July 18, 2012

Election 2012: Courtney: Reduce debt, taxes, rancor

The state Senate majority leader touts his record on working to reduce debt and taxes and says his respect for others' views shows he can help break the Washington gridlock.

By Kelley Bouchard kbouchard@pressherald.com
Staff Writer

Second of two stories on the Republican candidates for Maine's 1st District seat in the U.S. House.

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Jon Courtney is state Senate majority leader, owner of dry-cleaning shops and the son of a Pentecostal minister.

Shawn Patrick Ouellette/Staff Photographer

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Jon Courtney

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JON COURTNEY will answer your questions live online on this website at today at noon.


PARTY: Republican AGE: 45

HOME: Springvale

FAMILY: Married, three children, three stepchildren

EDUCATION: Graduated from Marshwood High School in South Berwick

JOB: Owns Courtney Cleaners in Sanford, Kennebunk and Portsmouth, N.H.

POLITICAL EXPERIENCE: Maine House of Representatives, 2003-04; Maine Senate, 2005-12; assistant Senate minority leader, 2009-10; Senate majority leader, 2011-12


Do you support President Obama’s health care law? No

Do you support a balanced budget amendment? Yes

Would you support a tax increase for the wealthy? No

Would you vote to extend the nation’s debt limit? Yes, but only with debt-reducing reforms

Do you support legalizing gay marriage? No

Do you support legal access to abortion? No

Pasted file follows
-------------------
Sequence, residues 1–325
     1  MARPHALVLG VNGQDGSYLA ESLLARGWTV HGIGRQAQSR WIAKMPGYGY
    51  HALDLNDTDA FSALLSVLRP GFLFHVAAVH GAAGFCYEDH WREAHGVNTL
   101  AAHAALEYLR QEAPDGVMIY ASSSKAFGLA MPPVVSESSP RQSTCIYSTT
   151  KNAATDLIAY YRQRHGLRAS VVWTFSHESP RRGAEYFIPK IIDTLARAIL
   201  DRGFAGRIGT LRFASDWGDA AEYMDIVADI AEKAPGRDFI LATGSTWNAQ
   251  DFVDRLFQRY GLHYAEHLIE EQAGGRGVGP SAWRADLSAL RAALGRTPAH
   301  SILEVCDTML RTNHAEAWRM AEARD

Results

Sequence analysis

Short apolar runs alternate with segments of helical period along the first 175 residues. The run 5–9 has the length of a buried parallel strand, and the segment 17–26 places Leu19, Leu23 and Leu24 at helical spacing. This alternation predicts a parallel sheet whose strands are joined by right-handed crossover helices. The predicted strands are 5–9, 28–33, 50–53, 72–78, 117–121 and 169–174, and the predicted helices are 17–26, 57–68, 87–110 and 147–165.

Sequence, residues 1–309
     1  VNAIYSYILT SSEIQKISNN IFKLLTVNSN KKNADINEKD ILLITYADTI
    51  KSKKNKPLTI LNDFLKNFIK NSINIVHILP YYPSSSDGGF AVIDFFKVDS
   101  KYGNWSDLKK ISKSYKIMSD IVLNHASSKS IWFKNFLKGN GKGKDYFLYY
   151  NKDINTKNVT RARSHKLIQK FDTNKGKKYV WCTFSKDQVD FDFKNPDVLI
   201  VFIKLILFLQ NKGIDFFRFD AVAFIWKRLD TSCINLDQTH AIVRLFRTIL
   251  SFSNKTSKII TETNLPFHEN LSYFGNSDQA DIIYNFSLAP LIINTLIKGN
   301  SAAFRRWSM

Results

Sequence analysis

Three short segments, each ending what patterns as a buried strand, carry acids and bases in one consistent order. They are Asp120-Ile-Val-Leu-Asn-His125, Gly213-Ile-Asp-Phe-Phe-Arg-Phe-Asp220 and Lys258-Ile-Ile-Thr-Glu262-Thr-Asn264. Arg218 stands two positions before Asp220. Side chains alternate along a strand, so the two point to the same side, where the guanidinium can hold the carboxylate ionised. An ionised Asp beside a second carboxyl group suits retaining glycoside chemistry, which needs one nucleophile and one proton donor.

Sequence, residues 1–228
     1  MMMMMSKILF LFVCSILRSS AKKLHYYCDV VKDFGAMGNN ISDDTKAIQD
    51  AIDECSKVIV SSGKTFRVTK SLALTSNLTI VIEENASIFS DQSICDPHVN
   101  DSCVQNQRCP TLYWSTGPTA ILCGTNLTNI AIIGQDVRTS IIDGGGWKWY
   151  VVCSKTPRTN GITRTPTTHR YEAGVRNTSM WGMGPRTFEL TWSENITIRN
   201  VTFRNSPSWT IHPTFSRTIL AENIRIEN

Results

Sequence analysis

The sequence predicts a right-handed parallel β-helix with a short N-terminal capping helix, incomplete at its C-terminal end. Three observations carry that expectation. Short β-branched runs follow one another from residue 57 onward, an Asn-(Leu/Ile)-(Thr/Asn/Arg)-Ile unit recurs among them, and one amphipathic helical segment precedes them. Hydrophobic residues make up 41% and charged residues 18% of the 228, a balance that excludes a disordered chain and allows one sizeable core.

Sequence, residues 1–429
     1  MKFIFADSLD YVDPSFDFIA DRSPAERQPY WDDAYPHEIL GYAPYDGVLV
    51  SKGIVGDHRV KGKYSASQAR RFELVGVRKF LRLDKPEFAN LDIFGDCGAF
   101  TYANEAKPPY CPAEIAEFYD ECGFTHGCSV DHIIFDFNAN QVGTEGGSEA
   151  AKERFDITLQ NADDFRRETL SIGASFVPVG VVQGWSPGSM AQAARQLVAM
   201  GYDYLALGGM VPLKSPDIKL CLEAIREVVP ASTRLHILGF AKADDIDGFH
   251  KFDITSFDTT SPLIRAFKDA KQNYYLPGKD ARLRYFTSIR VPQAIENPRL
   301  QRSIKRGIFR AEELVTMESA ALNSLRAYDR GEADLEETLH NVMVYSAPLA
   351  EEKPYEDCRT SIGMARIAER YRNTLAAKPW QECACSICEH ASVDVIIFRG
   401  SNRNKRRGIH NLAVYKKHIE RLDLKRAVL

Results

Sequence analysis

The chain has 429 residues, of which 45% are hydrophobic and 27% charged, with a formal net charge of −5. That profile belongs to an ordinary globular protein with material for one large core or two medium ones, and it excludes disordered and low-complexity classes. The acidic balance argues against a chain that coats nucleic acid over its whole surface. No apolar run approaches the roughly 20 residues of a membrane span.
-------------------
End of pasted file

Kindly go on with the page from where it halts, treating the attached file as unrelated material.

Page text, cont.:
What should Congress be doing to create jobs and improve the economy? “Congress should get control of our unsustainable debt that has caused the value of the dollar to plummet. We should create an environment to encourage job creators by reducing and simplifying regulation. We must work to become less dependent on foreign energy sources. Congress must find a way to talk to each other so we can create the personal relationships that will build bridges to solve problems.”


ECONOMIC ISSUES: Voted pro-business 86 percent to 93.5 percent of the time as a state representative and senator from 2003 to 2009, according to the Maine Economic Research Institute.

ENVIRONMENTAL ISSUES: Voted pro-environment 40 percent of the time, according to the Maine Conservation Voters lifetime scorecard.

LABOR ISSUES: Voted pro-worker 11 percent of the time, according to the Maine AFL-CIO lifetime scorecard.


If Republican Jon Courtney is elected to Congress, he promises to show the same respect for Democratic colleagues in Washington that he has demonstrated for the last decade as a representative and senator in the Maine Legislature.

The Senate majority leader from Springvale says that's what's needed to move a mired Congress beyond ideological differences and find solutions to problems that plague Maine and the nation, from the need for more jobs to the high federal debt.

His attitude as a lawmaker is grounded in his upbringing as the son of a Pentecostal minister in Wells.

"One of the things I learned as a pastor's kid is, no one's perfect," said Courtney, 45. "The only way to get work done is by continuing to care about people regardless of their beliefs."